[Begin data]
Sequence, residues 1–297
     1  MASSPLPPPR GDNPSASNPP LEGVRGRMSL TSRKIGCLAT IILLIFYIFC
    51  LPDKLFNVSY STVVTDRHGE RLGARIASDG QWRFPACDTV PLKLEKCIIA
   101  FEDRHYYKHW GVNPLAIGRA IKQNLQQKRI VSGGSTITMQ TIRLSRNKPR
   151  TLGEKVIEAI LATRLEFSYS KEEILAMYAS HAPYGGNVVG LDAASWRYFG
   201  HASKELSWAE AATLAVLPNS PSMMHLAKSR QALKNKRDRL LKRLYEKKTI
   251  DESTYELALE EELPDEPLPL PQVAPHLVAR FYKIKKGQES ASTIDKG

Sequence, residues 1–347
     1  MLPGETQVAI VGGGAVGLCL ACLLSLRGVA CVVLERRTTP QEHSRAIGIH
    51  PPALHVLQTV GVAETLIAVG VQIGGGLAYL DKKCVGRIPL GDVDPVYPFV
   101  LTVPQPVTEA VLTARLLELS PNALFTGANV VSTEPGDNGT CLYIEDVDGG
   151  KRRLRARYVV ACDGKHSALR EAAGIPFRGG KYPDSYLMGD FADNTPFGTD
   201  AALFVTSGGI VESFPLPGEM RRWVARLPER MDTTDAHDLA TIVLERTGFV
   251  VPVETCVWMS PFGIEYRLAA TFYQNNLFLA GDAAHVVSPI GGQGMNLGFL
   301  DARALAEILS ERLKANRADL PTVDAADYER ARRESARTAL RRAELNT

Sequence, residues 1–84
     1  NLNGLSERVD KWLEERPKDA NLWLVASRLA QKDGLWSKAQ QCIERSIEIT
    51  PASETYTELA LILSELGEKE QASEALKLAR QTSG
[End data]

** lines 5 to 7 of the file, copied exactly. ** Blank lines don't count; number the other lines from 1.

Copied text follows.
   151  TLGEKVIEAI LATRLEFSYS KEEILAMYAS HAPYGGNVVG LDAASWRYFG
   201  HASKELSWAE AATLAVLPNS PSMMHLAKSR QALKNKRDRL LKRLYEKKTI
   251  DESTYELALE EELPDEPLPL PQVAPHLVAR FYKIKKGQES ASTIDKG